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    #1

    puts someone over the edge

    Quote from a Harvard open course:
    Michael Sandel: Good, all right. Anesia has raised the point that colleges still should choose for the greatest academic scholarly promise but in reading the test scores and grades they should take into account the different meaning those tests and grades have in the light of educational disadvantage in the background. So thatís one argument in defense of affirmative action, Anesiaís argument, correcting for the effects of unequal preparation, educational disadvantage. Now there are other arguments, suppose, just to identify whether there is a, is a competing principle here, suppose there are two candidates who did equally well on the tests and grades, both of whom went to first rate schools. Two candidates, among those candidates would it be unfair for the college or university or Harvard to say ďwe still want diversity along racial and ethnic dimensions, even where we are not correcting for the effects on test scores of educational disadvantage,Ē what about in that case Bree.
    Bree: If itís that one thing that puts someone over the edge then itís, I guess that would be you know justifiable. If everything else about the individual first though, everything you consider about that personís, you know talents, and where they come from, and who they are without these arbitrary factors. Itís the same.
    I don't really understand what Bree is getting at, what is her point? Her language doesn't seem to be grammatical . What does " puts someone over the edge " mean? what is "individual first"?
    Thanks.

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    #2

    Re: puts someone over the edge

    You do realize this is a transcript of a spontaneous conversation? It's not a model of perfect English.

    The person is talking about what places a person "over the edge," meaning here that they have been selected. What gives candidate A the preference, the "edge" over candidate B?

    The person talking seems to be mixing up several expressions, but the point that she agrees with affirmative action is made.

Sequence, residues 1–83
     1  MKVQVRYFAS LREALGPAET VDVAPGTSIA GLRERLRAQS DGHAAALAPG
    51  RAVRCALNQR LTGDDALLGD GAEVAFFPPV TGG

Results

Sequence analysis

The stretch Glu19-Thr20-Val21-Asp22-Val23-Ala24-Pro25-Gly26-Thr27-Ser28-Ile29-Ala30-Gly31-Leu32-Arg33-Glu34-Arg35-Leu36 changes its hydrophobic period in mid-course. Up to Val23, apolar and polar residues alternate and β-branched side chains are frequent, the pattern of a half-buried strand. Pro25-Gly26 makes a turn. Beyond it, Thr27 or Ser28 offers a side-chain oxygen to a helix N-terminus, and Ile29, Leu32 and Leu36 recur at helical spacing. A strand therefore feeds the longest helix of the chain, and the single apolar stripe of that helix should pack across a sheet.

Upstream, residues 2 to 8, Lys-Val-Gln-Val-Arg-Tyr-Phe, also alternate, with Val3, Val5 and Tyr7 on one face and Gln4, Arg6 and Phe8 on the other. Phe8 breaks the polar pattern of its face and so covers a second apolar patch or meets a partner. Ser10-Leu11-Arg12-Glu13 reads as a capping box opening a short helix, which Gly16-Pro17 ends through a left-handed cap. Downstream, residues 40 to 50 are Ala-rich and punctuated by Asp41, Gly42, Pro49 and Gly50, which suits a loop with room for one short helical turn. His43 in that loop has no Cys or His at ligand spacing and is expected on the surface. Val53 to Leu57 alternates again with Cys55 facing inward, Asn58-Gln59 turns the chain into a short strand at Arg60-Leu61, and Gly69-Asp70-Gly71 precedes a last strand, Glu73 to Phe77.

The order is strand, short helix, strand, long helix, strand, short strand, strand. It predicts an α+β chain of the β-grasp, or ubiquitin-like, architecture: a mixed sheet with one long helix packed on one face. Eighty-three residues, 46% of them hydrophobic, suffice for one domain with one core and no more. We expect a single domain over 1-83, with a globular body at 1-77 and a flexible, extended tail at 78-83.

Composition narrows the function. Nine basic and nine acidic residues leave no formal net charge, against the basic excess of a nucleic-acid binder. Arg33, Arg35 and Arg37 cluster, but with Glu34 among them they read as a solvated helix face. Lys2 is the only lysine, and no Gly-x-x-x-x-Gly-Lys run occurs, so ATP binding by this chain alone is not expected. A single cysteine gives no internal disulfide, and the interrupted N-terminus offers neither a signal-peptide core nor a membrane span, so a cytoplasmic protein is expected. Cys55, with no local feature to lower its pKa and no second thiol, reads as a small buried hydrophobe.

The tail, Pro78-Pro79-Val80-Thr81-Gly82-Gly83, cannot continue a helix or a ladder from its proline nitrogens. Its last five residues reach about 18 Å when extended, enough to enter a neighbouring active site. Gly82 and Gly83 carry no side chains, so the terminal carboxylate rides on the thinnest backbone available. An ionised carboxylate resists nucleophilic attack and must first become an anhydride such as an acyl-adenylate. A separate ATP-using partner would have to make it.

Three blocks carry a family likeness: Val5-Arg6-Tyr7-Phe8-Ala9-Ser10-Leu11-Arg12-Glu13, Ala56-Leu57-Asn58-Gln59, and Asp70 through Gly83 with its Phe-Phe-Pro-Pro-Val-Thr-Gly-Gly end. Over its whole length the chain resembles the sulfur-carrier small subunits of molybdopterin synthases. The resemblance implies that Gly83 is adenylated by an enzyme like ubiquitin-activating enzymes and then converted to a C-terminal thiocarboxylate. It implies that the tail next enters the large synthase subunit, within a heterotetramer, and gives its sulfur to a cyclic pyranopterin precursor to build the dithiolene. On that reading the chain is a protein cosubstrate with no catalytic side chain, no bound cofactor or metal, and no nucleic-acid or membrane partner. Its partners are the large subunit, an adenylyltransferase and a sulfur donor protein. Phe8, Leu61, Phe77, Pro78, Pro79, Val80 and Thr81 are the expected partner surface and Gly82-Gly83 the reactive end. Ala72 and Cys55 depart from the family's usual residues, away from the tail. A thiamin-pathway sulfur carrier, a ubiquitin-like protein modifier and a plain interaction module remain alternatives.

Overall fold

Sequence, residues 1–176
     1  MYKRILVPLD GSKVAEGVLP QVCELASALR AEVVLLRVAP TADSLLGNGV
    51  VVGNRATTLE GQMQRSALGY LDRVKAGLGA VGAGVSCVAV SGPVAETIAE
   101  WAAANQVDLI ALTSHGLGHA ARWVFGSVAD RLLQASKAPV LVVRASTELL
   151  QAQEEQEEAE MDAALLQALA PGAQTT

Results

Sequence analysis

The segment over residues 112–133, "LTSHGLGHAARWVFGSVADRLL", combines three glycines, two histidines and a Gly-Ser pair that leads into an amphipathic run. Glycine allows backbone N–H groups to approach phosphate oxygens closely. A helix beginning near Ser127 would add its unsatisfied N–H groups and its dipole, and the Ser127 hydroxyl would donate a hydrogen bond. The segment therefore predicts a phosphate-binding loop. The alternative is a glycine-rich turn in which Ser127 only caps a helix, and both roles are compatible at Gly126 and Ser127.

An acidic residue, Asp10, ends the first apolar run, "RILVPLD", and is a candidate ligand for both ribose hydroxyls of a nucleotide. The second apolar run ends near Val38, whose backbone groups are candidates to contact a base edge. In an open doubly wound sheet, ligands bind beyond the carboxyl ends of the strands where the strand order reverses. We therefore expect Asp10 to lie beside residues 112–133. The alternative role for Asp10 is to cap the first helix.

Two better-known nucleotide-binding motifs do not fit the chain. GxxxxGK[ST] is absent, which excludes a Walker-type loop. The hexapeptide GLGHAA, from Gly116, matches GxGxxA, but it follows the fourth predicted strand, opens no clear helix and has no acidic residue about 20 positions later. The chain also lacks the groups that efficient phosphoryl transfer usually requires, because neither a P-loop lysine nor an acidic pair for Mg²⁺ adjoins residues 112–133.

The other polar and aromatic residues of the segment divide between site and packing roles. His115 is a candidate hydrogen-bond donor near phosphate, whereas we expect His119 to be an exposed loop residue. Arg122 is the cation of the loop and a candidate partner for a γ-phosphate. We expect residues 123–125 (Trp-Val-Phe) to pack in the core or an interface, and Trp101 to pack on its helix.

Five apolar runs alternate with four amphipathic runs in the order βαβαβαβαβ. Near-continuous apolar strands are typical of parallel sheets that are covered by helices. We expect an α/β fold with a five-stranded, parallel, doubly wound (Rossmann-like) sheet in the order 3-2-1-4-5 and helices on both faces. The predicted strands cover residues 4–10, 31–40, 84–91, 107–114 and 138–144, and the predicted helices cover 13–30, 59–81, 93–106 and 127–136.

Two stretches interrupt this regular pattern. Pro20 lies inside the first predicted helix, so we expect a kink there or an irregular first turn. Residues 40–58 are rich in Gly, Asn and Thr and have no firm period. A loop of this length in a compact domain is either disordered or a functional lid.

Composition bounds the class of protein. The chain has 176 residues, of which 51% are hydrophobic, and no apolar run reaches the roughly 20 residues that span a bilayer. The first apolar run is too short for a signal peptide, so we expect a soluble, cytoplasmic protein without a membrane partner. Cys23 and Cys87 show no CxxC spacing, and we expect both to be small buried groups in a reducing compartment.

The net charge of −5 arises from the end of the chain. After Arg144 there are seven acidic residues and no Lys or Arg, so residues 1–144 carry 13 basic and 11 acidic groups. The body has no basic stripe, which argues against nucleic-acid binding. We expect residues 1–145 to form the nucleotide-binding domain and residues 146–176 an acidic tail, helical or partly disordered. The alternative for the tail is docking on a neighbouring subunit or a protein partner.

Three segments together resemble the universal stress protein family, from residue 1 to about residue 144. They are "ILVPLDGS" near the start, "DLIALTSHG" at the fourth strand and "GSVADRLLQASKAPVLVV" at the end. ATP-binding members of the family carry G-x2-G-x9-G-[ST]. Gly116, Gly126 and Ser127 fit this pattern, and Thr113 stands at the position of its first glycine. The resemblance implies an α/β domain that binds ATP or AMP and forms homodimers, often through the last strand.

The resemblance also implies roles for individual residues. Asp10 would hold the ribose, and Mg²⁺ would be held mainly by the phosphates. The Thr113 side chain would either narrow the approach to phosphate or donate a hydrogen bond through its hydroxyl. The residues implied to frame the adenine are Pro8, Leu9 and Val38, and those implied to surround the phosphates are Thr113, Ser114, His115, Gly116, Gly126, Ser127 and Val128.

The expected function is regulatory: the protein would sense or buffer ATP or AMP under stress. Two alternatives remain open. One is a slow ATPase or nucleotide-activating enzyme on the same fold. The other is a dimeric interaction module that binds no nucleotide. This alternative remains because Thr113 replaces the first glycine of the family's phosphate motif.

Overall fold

Her answer is largely unformed thoughts and not really sentences.

    This is an academic attempt to justify selecting students based on race. Even when the person of the "preferred" race is equal in all aspects to a person of the "non-preferred" race in both test scores, grades and background/opportunities.

    "I guess that would be, you know, justifiable" she says, without offering any justification.

    I wouldn't dig too deep into this stream-of-consciousness.

  1. Charlie Bernstein's Avatar
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    #3

    Re: puts someone over the edge

    Masterding, Dave's explanation is right, and his advice is excellent. That conversation is not perfect standard English.
    I'm not a teacher. I speak American English. I've tutored writing at the University of Southern Maine and have done a good deal of copy editing and writing, occasionally for publication.

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    #4

    Re: puts someone over the edge

    Quote Originally Posted by SoothingDave View Post
    You do realize this is a transcript of a spontaneous conversation? It's not a model of perfect English.

    The person is talking about what places a person "over the edge," meaning here that they have been selected. What gives candidate A the preference, the "edge" over candidate B?

    The person talking seems to be mixing up several expressions, but the point that she agrees with affirmative action is made.

    Her answer is largely unformed thoughts and not really sentences.

    This is an academic attempt to justify selecting students based on race. Even when the person of the "preferred" race is equal in all aspects to a person of the "non-preferred" race in both test scores, grades and background/opportunities.

    "I guess that would be, you know, justifiable" she says, without offering any justification.

    I wouldn't dig too deep into this stream-of-consciousness.
    In the begining , she was against affirmative action ,quote, "Bree: You’re basing something on that’s an arbitrary factor, you know Sheryl couldn’t control the fact that she was white or not in a minority and therefore you know it’s not as if it was like a test score that she worked hard to try and show that she could you know put that out there you know she had no control over her race. " Then after the lecturer changed the example a little, she seemed to change her mind, and contradict herself by making this argument, her mind is kind of mixed up and not very logical.

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    #5

    Re: puts someone over the edge

    Then the lecturer is achieving his goal of persuading her.

    Or at least confusing her enough that she doesn't want to disagree with him.

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